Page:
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Full-Text Articles in Life Sciences

Warming Reduces Tall Fescue Abundance But Stimulates Toxic Alkaloid Concentrations In Transition Zone Pastures Of The U.S., Rebecca L. Mcculley, Lowell P. Bush, Anna E. Carlisle, Huihua Ji, Jim A. Nelson Oct 2014

Warming Reduces Tall Fescue Abundance But Stimulates Toxic Alkaloid Concentrations In Transition Zone Pastures Of The U.S., Rebecca L. Mcculley, Lowell P. Bush, Anna E. Carlisle, Huihua Ji, Jim A. Nelson

Plant and Soil Sciences Faculty Publications

Tall fescue pastures cover extensive acreage in the eastern half of the United States and contribute to important ecosystem services, including the provisioning of forage for grazing livestock. Yet little is known concerning how these pastures will respond to climate change. Tall fescue's ability to persist and provide forage under a warmer and wetter environment, as is predicted for much of this region as a result of climate change, will likely depend on a symbiotic relationship the plant can form with the fungal endophyte, Epichloë coenophiala. While this symbiosis can confer environmental stress tolerance to the plant, the endophyte ...


Aiding Decision Making To Reduce The Impacts Of Climate Change, Howard Kunreuther Sep 2014

Aiding Decision Making To Reduce The Impacts Of Climate Change, Howard Kunreuther

Operations, Information and Decisions Papers

Utilizing theory and empirical insights from psychology and behavioural economics, this paper examines individuals’ cognitive and motivational barriers to adopting climate change adaptation and mitigation measures that increase consumer welfare. We explore various strategies that take into account the simplified decision-making processes used by individuals and resulting biases. We make these points by working through two examples: (1) investments in energy efficiency products and new technology and (2) adaptation measures to reduce property damage from future floods and hurricanes. In both cases there is a reluctance to undertake these measures due to high and certain upfront costs, delayed and probabilistic ...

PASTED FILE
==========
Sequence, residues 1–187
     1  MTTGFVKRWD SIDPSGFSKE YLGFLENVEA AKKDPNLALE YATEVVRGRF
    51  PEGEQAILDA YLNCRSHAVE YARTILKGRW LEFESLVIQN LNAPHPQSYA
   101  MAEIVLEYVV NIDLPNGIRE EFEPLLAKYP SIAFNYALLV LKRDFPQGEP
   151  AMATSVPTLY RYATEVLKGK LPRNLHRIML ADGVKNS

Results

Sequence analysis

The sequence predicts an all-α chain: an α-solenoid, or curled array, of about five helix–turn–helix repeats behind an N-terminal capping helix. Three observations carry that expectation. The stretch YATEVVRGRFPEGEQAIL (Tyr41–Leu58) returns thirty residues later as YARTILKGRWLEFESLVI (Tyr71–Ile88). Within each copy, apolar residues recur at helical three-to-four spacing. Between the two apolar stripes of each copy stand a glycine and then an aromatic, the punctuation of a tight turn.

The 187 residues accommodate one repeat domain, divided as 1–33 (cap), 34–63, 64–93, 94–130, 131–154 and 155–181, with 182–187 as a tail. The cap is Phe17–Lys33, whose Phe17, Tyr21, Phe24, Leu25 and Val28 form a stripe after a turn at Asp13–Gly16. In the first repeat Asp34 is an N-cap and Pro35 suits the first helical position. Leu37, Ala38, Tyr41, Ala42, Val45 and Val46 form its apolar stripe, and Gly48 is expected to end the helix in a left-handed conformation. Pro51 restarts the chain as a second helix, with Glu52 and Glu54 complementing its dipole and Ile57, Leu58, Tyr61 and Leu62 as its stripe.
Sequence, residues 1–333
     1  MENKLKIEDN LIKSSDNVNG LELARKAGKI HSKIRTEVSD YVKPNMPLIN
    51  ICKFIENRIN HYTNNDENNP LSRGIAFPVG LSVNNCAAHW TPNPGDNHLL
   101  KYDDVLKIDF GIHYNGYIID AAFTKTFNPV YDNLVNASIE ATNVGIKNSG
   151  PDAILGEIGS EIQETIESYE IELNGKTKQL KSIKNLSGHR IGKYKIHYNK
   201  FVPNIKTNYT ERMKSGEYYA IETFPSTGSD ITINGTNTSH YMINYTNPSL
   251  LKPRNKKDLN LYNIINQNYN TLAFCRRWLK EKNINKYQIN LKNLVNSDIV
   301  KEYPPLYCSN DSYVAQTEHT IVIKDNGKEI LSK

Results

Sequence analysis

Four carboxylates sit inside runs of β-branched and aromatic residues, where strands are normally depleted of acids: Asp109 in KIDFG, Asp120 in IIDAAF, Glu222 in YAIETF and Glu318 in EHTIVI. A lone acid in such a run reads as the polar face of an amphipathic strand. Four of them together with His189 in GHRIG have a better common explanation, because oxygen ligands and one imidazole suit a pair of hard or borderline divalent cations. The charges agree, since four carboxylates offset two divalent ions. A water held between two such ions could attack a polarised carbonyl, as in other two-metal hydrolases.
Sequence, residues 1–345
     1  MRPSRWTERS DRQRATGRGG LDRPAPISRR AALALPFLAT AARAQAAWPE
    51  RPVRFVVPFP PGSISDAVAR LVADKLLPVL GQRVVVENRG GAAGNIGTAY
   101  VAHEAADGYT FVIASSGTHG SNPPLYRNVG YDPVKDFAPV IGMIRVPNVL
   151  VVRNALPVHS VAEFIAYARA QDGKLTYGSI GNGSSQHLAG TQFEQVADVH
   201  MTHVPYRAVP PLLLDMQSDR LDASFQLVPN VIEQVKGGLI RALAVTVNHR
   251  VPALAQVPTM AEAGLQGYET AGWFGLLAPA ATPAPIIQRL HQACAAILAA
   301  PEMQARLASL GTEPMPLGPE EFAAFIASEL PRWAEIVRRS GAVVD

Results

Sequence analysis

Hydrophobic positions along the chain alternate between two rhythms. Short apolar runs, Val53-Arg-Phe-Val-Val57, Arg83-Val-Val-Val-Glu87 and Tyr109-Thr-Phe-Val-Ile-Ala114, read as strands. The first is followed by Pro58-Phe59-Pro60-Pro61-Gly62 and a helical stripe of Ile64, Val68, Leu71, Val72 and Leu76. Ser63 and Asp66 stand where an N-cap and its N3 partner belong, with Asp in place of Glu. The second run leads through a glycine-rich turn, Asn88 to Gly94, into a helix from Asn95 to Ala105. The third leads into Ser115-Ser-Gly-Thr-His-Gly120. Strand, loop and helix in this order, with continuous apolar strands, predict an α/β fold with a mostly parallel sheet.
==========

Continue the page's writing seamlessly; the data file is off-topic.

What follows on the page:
Enhanced Acidification Of Global Coral Reefs Driven By Regional Biogeochemical Feedbacks, Tyler Cyronak, Kai G. Schulz, Isaac R. Santos, Bradley D. Eyre Aug 2014

Enhanced Acidification Of Global Coral Reefs Driven By Regional Biogeochemical Feedbacks, Tyler Cyronak, Kai G. Schulz, Isaac R. Santos, Bradley D. Eyre

Marine & Environmental Sciences Faculty Articles

Physical uptake of anthropogenic CO2 is the dominant driver of ocean acidification (OA) in the open ocean. Due to expected decreases in calcification and increased dissolution of CaCO3 framework, coral reefs are thought to be highly susceptible to OA. However, biogeochemical processes can influence the pCO2 and pH of coastal ecosystems on diel and seasonal time scales, potentially modifying the long‐term effects of increasing atmospheric CO2. By compiling data from the literature and removing the effects of short‐term variability, we show that the average pCO2 of coral reefs throughout the globe has increased ...


Exposure Of U.S. National Parks To Land Use And Climate Change 1900-2100, Andrew J. Hansen, Cory Davis, Jessica Haas, David M. Theobald, John E. Gross, William B. Monahan, Tom Olliff, Steven W. Running Apr 2014

Exposure Of U.S. National Parks To Land Use And Climate Change 1900-2100, Andrew J. Hansen, Cory Davis, Jessica Haas, David M. Theobald, John E. Gross, William B. Monahan, Tom Olliff, Steven W. Running

Ecosystem and Conservation Sciences Faculty Publications